A racing heartbeat, a pit in your stomach, a pounding in your ears—all of these are familiar symptoms of increased heart rate caused by a moment of extreme mental stress. Most people have probably experienced this, because mental stress is a normal part of life. However, long-term mental stress is not normal and can actually do real damage to your heart over a long period of time.
A demanding job, a problematic relationship, depression, anxiety or the death of a loved one can cause mental stress, to name just a few examples. Mental stress negatively affects your health because of the way your body responds to it, and how you cope with it.
Some people resort to unhealthy coping mechanisms including overeating, smoking, drinking excessively, using illicit drugs or behaving recklessly. All these coping mechanisms can lead to significant physiological changes in our bodies. These changes include increasing cortisol levels in the blood that potentially lead to an increase in glucose levels, insulin resistance, weight gain, obesity, increased cholesterol or decreased ability to digest foods. These changes lead to heartburn, elevated heart rate, high blood pressure and even the development or worsening of Type 2 diabetes and heart and vascular disease.
These consequences of poor coping mechanisms are worsened by the body’s natural response to stress. Under stress, the body produces more fight-or-flight hormones like adrenaline, which forces the heart to work overtime to keep you alert. Consistently working overtime can weaken the heart and its ability to efficiently, effectively circulate blood in the body. Reduced blood circulation can lead to heart attack, stroke or kidney failure.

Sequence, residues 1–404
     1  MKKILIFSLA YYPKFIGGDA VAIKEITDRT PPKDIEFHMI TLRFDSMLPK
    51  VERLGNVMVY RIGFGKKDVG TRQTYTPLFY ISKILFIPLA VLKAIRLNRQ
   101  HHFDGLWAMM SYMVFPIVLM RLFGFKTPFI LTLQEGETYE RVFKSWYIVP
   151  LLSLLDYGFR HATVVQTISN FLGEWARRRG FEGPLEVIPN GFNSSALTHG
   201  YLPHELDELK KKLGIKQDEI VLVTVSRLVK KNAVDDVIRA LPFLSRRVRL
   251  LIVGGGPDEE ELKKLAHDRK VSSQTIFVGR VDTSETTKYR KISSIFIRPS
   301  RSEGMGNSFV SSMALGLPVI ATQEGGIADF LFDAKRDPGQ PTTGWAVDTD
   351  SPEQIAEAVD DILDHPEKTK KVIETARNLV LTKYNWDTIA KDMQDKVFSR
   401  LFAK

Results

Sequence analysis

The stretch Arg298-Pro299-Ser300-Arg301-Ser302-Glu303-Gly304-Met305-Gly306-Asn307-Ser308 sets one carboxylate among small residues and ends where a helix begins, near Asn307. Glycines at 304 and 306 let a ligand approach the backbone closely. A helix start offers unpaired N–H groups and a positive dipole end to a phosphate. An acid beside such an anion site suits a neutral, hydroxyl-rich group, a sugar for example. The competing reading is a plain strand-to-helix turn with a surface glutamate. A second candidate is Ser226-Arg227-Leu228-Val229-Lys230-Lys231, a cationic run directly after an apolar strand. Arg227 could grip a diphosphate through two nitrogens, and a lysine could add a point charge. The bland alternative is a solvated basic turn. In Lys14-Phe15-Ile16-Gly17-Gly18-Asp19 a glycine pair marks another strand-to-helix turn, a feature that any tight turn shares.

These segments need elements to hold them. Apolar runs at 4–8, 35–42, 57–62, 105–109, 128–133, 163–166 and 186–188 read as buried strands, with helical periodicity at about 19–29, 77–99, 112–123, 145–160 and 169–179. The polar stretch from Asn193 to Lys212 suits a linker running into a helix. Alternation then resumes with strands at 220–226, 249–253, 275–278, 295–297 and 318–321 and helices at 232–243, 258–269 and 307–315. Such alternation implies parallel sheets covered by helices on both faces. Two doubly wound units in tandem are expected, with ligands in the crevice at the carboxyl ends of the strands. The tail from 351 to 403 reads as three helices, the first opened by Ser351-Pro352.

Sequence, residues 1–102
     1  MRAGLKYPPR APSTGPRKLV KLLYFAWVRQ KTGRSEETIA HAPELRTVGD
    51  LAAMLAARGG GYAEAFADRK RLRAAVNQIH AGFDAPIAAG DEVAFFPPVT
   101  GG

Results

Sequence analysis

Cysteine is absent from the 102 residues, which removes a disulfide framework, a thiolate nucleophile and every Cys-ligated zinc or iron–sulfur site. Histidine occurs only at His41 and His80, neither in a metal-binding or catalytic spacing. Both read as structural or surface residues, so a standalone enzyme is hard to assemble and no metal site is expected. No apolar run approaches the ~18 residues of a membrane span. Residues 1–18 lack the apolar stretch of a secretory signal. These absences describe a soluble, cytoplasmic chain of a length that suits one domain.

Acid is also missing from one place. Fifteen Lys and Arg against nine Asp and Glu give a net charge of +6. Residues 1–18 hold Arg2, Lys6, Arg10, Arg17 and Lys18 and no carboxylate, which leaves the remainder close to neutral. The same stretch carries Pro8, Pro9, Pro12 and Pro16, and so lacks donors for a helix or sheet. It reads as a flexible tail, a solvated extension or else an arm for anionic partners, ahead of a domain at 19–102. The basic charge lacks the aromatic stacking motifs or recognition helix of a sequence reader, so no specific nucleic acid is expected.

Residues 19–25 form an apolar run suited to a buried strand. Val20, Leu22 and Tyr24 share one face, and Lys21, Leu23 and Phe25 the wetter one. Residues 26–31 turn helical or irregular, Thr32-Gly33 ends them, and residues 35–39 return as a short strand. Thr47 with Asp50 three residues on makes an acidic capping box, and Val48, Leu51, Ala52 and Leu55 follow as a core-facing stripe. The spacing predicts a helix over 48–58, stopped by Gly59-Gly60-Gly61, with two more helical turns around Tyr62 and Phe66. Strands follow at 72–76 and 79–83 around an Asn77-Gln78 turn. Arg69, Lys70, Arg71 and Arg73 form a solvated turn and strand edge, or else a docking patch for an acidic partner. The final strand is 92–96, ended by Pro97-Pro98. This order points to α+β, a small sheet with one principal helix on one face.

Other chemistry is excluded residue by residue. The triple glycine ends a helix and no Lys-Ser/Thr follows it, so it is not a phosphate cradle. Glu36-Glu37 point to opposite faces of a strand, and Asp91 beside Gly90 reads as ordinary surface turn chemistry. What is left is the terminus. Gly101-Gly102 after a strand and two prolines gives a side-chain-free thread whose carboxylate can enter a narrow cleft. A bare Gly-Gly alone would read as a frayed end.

In fact, there is a condition called Takotsubo Cardiomyopathy or “broken heart syndrome,” which causes symptoms similar to a heart attack (e.g., chest pain, shortness of breath, fatigue, sweating and fainting). This condition is frequently seen in women who have endured extreme emotional stress. In a patient with this condition, even if the arteries are not significantly blocked, an electrocardiogram test would show damage as if the patient is having a heart attack. This condition can be reversed with stress management and appropriate heart failure medications. Not only are women more likely to have “broken heart syndrome,” but stress actually affects men and women differently under the age of 55. In this age range, a woman exposed to emotional distress can have up to three times the reduction in heart artery blood flow than men in the same age range.
It is important to recognize the damage that long-term mental stress can cause. Recognizing and accepting stress, including anxiety and depression, is the first step on the path to managing it and retaking control of your physical and mental health. Exercise can help by releasing good hormones that help keep arteries from developing fatty deposits and calcium in the walls and also reduce artery spasms. A good exercise regimen reduces heart rate and blood pressure over time, thus decreasing the risk for heart attack, kidney failure and strokes.
Talking to a therapist, eating a healthy diet and making time for relaxation or meditation are powerful tools to combat long-term stress. If the symptoms from stress are all too familiar to you, make an appointment with your primary care provider to discuss your symptoms and circumstances. If your physician identifies heart problems caused by stress or other underlying conditions, you may benefit from a consultation with a cardiologist.